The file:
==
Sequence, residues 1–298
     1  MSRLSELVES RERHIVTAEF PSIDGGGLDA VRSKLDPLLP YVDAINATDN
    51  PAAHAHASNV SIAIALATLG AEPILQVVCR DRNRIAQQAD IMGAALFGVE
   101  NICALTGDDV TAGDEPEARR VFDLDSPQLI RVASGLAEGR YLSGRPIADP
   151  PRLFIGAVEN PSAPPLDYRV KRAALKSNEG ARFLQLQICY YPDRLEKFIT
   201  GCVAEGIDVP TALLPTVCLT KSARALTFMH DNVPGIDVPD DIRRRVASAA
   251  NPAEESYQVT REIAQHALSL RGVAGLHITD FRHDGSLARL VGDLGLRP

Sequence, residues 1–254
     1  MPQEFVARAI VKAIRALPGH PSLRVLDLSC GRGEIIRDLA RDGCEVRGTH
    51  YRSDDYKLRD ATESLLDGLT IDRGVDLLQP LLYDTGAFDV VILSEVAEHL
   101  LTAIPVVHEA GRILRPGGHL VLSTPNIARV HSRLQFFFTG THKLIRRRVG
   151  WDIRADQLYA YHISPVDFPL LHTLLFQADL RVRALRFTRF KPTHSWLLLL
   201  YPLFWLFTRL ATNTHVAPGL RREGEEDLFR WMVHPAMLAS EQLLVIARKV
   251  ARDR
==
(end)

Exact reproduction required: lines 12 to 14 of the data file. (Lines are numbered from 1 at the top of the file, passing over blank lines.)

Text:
   151  WDIRADQLYA YHISPVDFPL LHTLLFQADL RVRALRFTRF KPTHSWLLLL
   201  YPLFWLFTRL ATNTHVAPGL RREGEEDLFR WMVHPAMLAS EQLLVIARKV
   251  ARDR